In Remembrance

6 years ago give or take a few days, my aunt Marti lost the battle with cancer that had been raging in her body for just a short year and a half. She found out about it in early 2001 about a week before her mother’s death. The cancer was removed, but somehow it snuck past the doctors and moved into her brain and set up camp there in an area where its malignant tumors were inoperable. So my aunt who had always been active and kind of an angel to everyone was confined to her bed. When her hair fell out, her husband shaved his head so they could have the same hair cut. He kept her laughing and for that we were grateful. My mom and I went and spent a long weekend with her in June of 2002 singing and joking about old times. She was my mom’s little sister and since they were only about 2 years apart, they were pretty close. The youngest of 8 they tended to stick together as they became adults. When I was growing up there were two aunts who had made the move here to Missouri and Marti was one of them. She taught me to make pillows for my Barbies and had the most awesome Super Mario games for the Nintendo. She let me turn her swingset slide into a water slide and put up with countless hours Carmen SanDiego on the computer. She was the aunt that I only hope to be and tho she never had any children, (her first husband convinced her to get a hysterectomy at a very young age) she was wonderful with us. We stayed with her when my mom had a nervous breakdown and she made it less scary that my mom was in the hospital for two weeks. When she died there was a service held in Osage Beach where she had lived, but a couple weeks later there was another one held for all the family in California in one of the towns where she and my mom grew up. I was out there visiting my mom and so I went. My mom had written a song for her and we sang it at the memorial. Then my aunt’s ashes were scattered over the Pacific Ocean at Pacific Grove. It was a rough couple of days where I tried to be happy that she wasn’t hurting any more but was home with her lord. At 16 thats hard. At 22 I miss her more than ever and I know my mom does too. What I took away from this tho was to love those who are still around as if tomorrow might not get here. Lives are often cut short well before we’re ready to let someone go so I try to make the best of the time I have. I know this post rambles and is long, but its hard to stop the memories.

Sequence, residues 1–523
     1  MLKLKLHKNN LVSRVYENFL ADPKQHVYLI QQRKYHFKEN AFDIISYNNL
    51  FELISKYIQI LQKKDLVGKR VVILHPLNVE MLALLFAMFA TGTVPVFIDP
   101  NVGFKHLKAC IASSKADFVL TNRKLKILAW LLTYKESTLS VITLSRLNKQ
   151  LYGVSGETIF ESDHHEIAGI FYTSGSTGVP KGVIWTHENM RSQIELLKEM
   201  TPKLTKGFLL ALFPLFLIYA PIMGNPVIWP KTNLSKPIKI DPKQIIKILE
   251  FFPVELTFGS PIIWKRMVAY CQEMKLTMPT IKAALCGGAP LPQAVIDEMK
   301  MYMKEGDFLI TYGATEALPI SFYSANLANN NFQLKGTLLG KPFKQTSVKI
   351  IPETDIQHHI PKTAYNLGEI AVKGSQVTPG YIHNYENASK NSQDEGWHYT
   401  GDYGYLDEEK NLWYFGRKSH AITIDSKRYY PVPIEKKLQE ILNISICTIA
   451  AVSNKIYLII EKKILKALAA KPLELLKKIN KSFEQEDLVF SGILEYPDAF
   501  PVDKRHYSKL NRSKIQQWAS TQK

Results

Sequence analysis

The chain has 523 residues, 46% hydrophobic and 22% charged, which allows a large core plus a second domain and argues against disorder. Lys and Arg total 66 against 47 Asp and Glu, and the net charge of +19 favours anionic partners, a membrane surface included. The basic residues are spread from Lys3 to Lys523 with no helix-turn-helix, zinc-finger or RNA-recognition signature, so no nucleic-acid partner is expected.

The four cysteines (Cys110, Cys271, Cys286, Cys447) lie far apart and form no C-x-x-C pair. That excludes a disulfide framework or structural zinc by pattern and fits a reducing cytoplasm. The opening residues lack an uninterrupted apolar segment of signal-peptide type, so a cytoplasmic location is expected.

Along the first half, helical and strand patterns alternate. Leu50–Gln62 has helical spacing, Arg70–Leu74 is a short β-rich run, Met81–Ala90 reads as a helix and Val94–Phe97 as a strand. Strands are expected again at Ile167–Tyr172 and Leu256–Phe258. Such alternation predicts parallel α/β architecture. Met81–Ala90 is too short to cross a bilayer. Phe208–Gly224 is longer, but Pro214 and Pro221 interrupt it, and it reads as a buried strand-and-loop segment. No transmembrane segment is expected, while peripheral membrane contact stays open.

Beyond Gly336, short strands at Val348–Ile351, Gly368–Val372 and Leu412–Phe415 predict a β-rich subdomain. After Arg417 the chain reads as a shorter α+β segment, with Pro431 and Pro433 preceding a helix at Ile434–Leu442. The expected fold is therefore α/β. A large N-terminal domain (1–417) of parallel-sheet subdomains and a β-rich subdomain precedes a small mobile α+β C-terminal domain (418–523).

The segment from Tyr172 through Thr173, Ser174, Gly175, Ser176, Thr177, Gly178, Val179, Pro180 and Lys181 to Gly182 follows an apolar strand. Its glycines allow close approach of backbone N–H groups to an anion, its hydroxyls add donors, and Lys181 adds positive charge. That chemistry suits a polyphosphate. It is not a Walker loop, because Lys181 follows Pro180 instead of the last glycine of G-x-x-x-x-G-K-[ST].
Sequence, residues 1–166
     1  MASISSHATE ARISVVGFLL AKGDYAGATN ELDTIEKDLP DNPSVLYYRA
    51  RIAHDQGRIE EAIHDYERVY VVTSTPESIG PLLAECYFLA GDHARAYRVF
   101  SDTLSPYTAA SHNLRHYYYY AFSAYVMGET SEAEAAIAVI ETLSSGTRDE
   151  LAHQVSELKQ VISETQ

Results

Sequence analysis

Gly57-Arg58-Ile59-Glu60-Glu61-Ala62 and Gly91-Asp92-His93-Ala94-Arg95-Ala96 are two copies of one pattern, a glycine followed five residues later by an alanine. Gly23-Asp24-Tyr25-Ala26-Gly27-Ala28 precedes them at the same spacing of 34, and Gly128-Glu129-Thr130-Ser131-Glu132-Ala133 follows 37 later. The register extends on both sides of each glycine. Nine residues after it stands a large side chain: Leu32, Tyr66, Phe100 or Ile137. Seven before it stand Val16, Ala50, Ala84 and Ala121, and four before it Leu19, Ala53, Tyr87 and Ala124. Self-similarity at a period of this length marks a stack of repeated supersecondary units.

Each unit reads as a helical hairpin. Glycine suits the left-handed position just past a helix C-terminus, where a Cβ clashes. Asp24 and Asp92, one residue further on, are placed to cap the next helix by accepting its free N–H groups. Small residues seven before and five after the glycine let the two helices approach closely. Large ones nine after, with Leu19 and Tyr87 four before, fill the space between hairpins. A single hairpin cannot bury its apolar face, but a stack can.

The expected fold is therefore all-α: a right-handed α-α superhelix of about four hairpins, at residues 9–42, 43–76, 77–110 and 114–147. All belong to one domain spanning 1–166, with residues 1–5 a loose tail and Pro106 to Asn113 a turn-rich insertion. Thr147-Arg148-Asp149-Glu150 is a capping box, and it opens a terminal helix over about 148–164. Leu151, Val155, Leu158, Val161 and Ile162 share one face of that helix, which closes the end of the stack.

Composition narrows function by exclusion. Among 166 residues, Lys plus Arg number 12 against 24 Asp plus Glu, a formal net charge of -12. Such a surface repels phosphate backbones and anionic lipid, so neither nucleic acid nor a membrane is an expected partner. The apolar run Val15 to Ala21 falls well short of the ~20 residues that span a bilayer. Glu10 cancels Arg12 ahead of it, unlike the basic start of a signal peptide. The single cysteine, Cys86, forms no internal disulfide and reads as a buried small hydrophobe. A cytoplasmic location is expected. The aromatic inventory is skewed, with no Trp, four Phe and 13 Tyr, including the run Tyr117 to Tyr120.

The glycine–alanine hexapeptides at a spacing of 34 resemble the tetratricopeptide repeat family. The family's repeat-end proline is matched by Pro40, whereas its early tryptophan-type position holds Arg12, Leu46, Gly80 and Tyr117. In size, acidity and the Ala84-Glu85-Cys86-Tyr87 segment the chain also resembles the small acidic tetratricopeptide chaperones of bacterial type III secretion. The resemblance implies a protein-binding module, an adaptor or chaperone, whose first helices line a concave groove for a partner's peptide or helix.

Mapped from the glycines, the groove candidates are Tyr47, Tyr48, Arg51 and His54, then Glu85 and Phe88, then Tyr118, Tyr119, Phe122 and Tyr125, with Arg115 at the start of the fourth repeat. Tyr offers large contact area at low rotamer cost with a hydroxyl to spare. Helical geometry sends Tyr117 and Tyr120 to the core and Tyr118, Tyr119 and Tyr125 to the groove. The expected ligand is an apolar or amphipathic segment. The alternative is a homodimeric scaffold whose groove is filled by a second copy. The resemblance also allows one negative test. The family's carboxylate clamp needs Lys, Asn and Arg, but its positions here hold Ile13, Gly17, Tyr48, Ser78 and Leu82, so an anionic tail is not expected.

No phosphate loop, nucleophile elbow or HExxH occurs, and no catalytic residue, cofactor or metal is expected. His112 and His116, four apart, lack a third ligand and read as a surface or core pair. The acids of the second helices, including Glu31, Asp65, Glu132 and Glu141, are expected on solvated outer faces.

Light a Candle by Frieda Bacon

Light a candle to remember me 

No more sorrow

All is as it should be

Open your eyes

Open your eyes

I am living on in the skies

Light a candle to remember me

Stand and bear witness

Love is my legacy

Open your arms

Open your arms

I am living on in your hearts

Oh how lovely to be with you here

My sweet reunion

All my loved ones are near

Look to the flame

Look to the flame

I am dancing on just the same

Look to the flame

Look to the flame

I am dancing on just the same

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2 thoughts on “In Remembrance

  1. So true that we have to make the most of the time we have. My mom died 3 years ago today, and I miss her a lot. It helps to know that we really didn’t leave things unsaid, though. We were able to talk about most everything.

  2. It is hard to lose a loved one. You can always honor her memory by living the best life you can, which you seem to be doing!

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